INDIA - JANUARY 31: Sanjay Nayak, CEO TEJAS Network, at office, in Bangalore, India. Potrait (Getty Images)
A stellar IPO debut in June has helped Bangalore based telecom hardware company Tejas Networks become debt free, co-founder and CEO Sanjay Nayak told Moneycontrol.
The company had a huge chunk of its debt, worth over Rs 280 crore, which it eliminated from the IPO proceeds.
“We are competing with global giants with significant pocket reserves, so it was important for us to get our financials right. With reduced debt, we have more capital to engage in R&D and for international sales and marketing, which is crucial for us in a changing tech scenario,” Nayak said.
The company is exploring opportunities in South East Asia and Africa with the help of government’s program to promote the export of high-tech network products.
Tejas Networks spends at least 9-10 percent of its revenue on its R&D.
The company reported a net profit of about Rs 26.87 crore, up 68.04 percent in the quarter ended September, compared with Rs 15.99 crore in the same quarter last year.
The company’s sales rose slightly by 0.85 percent y-o-y to Rs 216.13 crore in the July-Sept quarter.
The IPO proceeds, combined with the benefit of nil excise duty post GST, has helped the company to record a healthier balance sheet.
“For the same quarter last year, we had excise duty, which is not comparable to the July-Sept quarter in 2017. If we compare at par, revenue saw a healthy 20.9 percent growth y-o-y,” Nayak said.
The 20.9 percent growth y-o-y in the quarter ending September 2017 is in line with the company’s target of clocking a 20 percent annual growth going forward.
“We will also look at stabilising our profit after tax to 14-15 percent in next 2-3 years,” Nayak said. By the end of the current fiscal, Tejas Networks is expecting to improve its bottom line by 200 basis points.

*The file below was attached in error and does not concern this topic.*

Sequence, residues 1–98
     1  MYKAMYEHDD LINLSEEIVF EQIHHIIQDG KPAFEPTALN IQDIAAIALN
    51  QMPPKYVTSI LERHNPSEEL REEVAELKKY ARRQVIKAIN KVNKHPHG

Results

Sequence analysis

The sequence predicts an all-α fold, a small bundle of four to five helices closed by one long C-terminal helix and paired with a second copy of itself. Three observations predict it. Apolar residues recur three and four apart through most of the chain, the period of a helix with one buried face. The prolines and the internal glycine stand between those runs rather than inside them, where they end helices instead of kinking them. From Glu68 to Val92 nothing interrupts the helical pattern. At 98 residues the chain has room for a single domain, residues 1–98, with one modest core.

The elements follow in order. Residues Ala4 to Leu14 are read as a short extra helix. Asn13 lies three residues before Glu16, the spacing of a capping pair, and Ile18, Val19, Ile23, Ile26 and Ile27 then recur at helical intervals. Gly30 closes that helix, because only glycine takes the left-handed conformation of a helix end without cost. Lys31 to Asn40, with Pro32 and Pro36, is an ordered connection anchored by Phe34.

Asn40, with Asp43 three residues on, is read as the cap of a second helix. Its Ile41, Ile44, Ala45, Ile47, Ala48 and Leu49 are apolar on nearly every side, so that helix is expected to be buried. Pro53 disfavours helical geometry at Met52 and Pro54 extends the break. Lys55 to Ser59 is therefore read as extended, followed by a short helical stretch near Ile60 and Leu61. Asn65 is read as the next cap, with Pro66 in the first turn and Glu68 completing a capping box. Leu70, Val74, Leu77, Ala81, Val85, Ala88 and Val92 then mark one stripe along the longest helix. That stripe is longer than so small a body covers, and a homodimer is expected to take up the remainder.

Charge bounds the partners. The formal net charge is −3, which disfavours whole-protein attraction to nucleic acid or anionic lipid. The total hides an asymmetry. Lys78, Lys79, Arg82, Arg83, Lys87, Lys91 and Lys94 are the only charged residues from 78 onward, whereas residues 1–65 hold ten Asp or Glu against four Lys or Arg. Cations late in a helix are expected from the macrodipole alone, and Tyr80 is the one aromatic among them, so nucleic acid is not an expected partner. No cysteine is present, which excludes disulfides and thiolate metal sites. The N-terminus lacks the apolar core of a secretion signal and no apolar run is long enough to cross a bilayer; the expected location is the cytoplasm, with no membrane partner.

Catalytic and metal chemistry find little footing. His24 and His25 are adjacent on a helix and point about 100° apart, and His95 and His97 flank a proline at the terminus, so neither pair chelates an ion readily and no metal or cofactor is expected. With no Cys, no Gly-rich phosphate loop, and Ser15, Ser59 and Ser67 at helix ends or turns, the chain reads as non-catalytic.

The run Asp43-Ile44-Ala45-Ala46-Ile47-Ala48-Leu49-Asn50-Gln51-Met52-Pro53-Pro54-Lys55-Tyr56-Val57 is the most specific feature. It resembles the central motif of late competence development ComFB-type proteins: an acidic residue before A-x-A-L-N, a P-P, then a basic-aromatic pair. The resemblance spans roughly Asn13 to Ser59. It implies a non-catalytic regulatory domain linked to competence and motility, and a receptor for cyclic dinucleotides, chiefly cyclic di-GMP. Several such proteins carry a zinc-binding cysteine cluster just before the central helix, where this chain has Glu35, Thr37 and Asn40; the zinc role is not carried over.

For the first half of the year, Tejas Networks’ net profit after tax was Rs. 47.31 crore. It generated cash of Rs 94.72 crore from operations, taking its cash and cash equivalent reserves to Rs 381.52 crore.
The company, which concluded its IPO in June, had raised Rs 450 crore through the issuance of about 1.7 crore shares. The IPO was subscribed 1.9 times at close.
As a percentage of consolidated revenues, the company’s operating margin also increased to 13.6 percent in Q2, a significant pick up from 10.2 percent margin that the company enjoyed in the same period last year.
With telecom operators gearing up to expand their optical fibre network, Tejas is at the forefront of propelling growth.
“Only about 20 percent of telecom base stations run on optic fibre. Now that all big telcos such as Airtel, Idea, Vodafone are gearing up for 4G and then 5G, that percentage will go up to at least 70 percent. That is a huge opportunity for us,” Nayak said.
The company is also banking on the second phase of the BharatNet project, government’s pet project to take internet connectivity to the last mile. In the first phase, Tejas Networks worked on about 40,000 villages out of the total 90,000. The second phase seeks to connect at least 150,000 villages across India.
“The BharatNet project will have state-wise tenders. But the interesting part is that states are going a step ahead and extending the rural connectivity to link districts and state capitals also, which presents an additional opportunity for us,” Nayak email@example.com.